Some very good baseball players are doing some very bad things this year.
Baseball Prospectus’ True Average report is endlessly fascinating. Matt Kemp’s .376 TAv is absurd, and Mike Trout, the just-turned-21-year-old rookie superstar, is right behind him with a gaudy .370. And how about David Ortiz in fifth place with a .342! Who saw that coming? The top of the list is an amazing mixture of quotidian greatness (Votto) and fantastic surprises (Jaso??).
But I’m equally fascinated by the bottom of the list. Change the pulldown to the right of TAv from DESC to ASC, set the min. PA to “200,” and hit View Data. (Alternately, you can just click here. At the top of that list are the very worst hitters in Major League Baseball. Just like with baseball’s best hitters, the bottom-dwellers run the gamut from “duh” (Yuniesky Betancourt at 25th-worst) to “huh?” (Ryan Raburn, worst in the majors).
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The Brewers advance to the NLCS with an extra-inning game to remember
If you didn’t catch tonight’s NLDS finale between the Milwaukee Brewers and the Arizona Diamondbacks, you missed quite the game. Framed as a potential pitchers’ duel between Ian Kennedy and Yovanni Gallardo, the two starters didn’t disappoint. Each went six innings, pitching well enough to maintain the pitchers’ duel pretense but allowing enough action to keep the fans excited—a perfect blend. The announcers commented during the game that every base hit is a rally in the playoffs, and while that might be a bit of an exaggeration, it definitely felt like it in a back-and-forth game like this.
A look back at the best and worst outfield VP picks of 2011.
Value Picks is such a mixed bag, especially before NL-only and AL-only players were separated out. Sometimes, a “Value Pick” is a player the authors think should be owned in every league, even shallow mixed leagues, because they're just that good. Other players are more appropriate for deeper mixed leagues or shallow single-league leagues. And, of course, some players are total bottom-of-the-barrel shots in the dark (here's looking at you, Trent Oeltjen!)
Nyjer Morgan and Alex Rios join the outfield VP ranks this week.
Arrivals Nyjer Morgan, Milwaukee Brewers (Yahoo! 18%, ESPN 18%, CBS 27%) Value Picks has shunned Nyjer Morgan for most of the season—not for lack of faith in his abilities but because so many early raves were written about him that readers were expected to know the opinions on the ballplayer. With the season winding down, it's time to revisit an old friend. Nothing about his skills has really changed, and here's what was written before:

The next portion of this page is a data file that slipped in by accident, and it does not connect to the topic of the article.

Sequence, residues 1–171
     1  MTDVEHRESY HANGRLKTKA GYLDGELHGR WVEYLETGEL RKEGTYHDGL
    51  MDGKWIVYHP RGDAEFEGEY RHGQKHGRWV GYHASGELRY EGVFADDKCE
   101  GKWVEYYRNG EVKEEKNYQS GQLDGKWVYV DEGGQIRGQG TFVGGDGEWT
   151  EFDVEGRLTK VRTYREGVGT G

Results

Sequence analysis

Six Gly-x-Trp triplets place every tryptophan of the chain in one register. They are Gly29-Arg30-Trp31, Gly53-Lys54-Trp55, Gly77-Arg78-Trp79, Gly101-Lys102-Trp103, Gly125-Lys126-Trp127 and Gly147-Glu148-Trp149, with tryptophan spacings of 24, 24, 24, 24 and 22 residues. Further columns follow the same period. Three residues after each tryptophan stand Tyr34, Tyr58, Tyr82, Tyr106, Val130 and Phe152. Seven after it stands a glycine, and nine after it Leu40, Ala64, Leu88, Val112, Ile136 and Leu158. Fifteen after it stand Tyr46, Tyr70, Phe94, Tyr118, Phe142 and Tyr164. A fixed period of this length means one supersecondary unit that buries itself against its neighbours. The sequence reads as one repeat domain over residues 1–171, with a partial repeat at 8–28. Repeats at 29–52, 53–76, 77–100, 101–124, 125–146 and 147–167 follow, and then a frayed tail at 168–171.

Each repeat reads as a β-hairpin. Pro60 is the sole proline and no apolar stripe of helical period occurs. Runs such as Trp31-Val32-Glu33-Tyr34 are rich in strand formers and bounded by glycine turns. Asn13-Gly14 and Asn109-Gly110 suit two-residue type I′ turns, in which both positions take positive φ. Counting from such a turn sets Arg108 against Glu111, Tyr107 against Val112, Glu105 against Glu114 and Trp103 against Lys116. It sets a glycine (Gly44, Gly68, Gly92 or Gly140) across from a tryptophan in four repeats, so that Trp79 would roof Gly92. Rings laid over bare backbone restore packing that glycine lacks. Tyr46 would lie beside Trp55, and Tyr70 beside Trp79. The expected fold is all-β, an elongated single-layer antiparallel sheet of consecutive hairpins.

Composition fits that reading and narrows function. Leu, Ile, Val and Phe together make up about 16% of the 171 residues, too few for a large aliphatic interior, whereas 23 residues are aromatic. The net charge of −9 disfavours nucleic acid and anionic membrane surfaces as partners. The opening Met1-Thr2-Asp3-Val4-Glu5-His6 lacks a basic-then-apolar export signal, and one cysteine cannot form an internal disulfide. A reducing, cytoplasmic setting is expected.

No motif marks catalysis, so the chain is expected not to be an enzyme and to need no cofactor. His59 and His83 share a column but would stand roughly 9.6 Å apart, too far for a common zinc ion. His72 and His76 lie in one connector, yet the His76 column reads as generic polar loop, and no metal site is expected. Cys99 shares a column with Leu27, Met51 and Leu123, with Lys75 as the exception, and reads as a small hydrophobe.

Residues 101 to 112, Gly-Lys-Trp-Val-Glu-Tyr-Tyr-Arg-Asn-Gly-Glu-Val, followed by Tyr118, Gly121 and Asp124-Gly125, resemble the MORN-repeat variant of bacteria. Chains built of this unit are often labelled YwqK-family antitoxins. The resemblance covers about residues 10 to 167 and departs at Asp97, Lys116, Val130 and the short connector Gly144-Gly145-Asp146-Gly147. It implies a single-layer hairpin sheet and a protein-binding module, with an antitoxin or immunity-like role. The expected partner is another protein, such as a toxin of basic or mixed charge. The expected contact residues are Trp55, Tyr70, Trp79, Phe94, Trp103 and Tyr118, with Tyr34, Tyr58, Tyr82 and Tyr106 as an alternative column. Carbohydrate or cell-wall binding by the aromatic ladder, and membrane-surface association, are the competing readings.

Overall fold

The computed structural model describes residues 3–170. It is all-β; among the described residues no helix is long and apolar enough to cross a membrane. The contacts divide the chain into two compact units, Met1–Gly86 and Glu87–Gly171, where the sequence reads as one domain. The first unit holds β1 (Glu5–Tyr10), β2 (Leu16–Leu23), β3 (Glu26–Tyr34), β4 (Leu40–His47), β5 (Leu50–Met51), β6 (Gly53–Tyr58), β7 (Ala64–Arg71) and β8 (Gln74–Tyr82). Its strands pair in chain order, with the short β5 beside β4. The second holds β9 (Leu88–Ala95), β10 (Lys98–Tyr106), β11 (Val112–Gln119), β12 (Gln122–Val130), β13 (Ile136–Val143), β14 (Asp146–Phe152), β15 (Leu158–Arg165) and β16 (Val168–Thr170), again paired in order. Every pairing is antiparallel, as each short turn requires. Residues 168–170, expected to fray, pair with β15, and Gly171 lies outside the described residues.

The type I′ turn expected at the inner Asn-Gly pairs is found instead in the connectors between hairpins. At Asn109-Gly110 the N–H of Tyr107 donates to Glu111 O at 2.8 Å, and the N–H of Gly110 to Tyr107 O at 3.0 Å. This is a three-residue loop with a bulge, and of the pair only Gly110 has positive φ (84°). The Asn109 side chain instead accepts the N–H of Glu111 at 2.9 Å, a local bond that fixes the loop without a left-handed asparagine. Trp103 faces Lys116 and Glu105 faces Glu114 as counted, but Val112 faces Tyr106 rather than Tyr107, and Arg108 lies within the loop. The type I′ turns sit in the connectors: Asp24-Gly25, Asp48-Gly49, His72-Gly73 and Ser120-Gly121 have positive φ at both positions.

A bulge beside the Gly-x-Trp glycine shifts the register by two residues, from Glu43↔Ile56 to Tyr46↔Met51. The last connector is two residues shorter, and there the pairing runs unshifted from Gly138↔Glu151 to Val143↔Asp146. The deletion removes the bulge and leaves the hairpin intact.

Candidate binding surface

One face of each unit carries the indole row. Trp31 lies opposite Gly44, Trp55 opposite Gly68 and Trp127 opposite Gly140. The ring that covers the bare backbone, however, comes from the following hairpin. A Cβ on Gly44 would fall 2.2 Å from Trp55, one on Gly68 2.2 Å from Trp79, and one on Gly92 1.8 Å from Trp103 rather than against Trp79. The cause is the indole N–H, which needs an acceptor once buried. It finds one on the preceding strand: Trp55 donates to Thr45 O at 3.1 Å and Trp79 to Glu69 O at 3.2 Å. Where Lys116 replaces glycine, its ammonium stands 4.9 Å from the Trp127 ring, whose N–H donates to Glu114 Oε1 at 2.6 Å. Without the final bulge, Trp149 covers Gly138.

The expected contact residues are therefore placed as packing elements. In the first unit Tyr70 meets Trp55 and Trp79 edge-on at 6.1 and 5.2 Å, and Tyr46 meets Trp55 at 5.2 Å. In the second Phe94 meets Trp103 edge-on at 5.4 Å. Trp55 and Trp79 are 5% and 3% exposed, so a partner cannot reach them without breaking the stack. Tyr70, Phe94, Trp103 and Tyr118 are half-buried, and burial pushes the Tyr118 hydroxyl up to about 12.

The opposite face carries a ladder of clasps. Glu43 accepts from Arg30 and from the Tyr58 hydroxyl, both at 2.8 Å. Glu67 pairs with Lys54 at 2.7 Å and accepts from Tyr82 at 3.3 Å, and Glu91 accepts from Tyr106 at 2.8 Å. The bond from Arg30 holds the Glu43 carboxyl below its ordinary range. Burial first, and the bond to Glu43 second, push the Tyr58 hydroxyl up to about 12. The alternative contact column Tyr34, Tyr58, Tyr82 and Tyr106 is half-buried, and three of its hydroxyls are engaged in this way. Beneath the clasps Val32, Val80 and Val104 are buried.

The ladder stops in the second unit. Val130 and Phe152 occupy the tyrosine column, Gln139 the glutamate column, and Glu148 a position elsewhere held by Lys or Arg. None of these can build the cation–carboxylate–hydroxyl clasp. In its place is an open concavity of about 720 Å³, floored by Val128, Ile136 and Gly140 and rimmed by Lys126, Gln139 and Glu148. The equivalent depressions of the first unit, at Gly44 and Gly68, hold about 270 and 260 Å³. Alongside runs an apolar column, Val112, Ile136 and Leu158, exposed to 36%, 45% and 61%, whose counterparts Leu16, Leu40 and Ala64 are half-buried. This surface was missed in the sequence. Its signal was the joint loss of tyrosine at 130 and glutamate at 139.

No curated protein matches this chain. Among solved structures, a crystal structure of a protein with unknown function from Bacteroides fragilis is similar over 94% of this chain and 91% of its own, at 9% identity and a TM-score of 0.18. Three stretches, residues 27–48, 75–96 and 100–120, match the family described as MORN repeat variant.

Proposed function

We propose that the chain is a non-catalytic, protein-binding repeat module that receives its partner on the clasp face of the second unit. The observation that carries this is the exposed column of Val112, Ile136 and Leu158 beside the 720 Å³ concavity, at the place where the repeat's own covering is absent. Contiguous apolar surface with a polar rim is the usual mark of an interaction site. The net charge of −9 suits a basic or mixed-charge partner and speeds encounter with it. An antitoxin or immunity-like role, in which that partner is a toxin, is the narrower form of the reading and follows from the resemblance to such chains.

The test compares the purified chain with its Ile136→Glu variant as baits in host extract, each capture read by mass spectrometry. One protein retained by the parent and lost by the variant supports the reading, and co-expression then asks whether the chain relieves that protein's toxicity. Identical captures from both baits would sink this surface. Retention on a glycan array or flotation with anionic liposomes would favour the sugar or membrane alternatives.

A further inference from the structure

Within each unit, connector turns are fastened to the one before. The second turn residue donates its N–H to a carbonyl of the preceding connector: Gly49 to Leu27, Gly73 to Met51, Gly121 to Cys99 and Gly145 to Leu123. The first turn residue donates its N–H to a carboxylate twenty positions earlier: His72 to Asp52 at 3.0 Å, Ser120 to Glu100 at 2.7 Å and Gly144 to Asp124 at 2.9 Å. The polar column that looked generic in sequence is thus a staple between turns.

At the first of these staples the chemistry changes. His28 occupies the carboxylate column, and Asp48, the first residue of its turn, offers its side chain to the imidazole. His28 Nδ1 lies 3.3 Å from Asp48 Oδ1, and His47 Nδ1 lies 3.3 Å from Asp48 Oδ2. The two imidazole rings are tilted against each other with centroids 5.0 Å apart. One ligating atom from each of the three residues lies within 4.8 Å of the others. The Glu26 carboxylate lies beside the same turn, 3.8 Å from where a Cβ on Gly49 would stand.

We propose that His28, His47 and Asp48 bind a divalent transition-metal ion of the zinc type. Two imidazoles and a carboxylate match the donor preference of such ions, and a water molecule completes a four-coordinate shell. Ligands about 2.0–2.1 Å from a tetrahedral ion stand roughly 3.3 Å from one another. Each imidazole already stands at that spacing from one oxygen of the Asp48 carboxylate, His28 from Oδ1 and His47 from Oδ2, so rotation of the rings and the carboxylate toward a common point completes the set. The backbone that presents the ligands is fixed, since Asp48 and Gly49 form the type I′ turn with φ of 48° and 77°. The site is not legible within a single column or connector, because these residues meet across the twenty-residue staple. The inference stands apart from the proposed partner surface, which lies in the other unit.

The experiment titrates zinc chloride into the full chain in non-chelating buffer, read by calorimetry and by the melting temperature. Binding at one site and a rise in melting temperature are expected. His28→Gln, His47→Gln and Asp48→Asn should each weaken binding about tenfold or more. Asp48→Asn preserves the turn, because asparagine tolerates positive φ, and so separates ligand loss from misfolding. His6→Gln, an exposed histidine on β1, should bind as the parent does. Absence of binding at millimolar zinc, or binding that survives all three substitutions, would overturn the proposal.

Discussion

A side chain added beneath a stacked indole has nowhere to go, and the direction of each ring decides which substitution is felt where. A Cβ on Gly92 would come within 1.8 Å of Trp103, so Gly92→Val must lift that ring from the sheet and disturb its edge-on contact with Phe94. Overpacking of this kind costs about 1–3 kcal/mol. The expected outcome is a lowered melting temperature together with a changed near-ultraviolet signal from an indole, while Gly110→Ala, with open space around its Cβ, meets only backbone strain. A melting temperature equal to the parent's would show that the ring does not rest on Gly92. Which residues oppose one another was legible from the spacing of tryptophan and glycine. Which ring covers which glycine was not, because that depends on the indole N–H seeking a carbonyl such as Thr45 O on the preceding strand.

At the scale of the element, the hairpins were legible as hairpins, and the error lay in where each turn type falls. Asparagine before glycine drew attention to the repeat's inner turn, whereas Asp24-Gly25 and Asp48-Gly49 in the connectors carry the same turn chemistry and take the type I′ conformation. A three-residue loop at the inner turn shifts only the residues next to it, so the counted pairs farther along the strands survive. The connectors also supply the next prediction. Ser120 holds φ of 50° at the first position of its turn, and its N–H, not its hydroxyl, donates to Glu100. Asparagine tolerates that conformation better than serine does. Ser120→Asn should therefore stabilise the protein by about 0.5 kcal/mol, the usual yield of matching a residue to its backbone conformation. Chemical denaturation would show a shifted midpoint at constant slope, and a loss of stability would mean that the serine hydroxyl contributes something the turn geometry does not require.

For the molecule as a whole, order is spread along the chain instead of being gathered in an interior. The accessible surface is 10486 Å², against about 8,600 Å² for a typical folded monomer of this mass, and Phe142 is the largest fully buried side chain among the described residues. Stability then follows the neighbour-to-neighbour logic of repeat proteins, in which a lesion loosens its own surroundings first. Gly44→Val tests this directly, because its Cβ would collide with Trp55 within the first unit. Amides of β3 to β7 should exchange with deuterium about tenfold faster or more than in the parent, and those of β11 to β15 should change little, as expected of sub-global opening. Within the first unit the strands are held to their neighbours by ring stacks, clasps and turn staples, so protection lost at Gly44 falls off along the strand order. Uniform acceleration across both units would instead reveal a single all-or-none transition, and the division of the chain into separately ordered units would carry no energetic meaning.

Chris Narveson sustains his second-half success, Nyjer Morgan makes a case for more playing time, and the Pirates flirt with .500.
The 2011 season is now a week-and-a-half old. Each team in baseball has played through three series, and every team has had the chance to go through its rotation—such as it is in early April, when off days allow some clubs to dispense with fifth starters—twice now. Some, like the Brewers, have even been able to squeeze three starts out of their Opening Day starter. The season is much too young to know anything for certain (other than that Manny Ramirez will not be contributing to the Rays this year), but that doesn't mean the performances that we've seen so far this year should be ignored completely. Even with all of the time and effort, researching and projecting, and discussing and arguing we do in the offseason, nothing can take the place of the actual games, and nothing will ever keep players from surprising us.
Listed below are the five biggest surprises in the National League Central so far this year. As with all statistical surprises (especially those that hinge in large part on small sample size), these observations are meant to be mostly descriptive, not predictive. Players are still subject to the tyranny of true talent, and hot (or slow) starts mean little in the long run.
Milwaukee's offseason of trading minor leaguers for big league upgrades continues.
The Brewers have acquired Nyjer Morgan from the Nationals for minor leaguer Cutter Dykstra, according to William Ladson of MLB.com. Just days ago, Doug Melvin moved reserve outfielder Chris Dickerson to the Yankees for Sergio Mitre, but had downplayed his team’s interest in Morgan in the time since –even going as far as to say his team had “no interest” and he’d rely instead on the outfielders in camp. It’s up for debate whether Melvin was being coy to conceal his next move or if the variables around a potential deal changed.
Breaking up the Pirates to end the losing should not be cause for maudlin laments about what's been lost.
One of the more arrogant positions I hold is the idea that just because you have or had the talent to be a major league player, it doesn't necessarily follow that you have the talent to evaluate players. You can extend this to "have the talent to evaluate teams" or any number of ideas that require a grasp of analysis, both skills and statistical. It's the difference between being an airline pilot and being an airline mechanic-both jobs are critical for keeping a plane in the air, but they're not interchangeable in any meaningful way, and they require competely different abilities. It's not an insult to say that a pilot probably couldn't fix an engine, and it's not an insult to say a shortstop probably couldn't run a roster.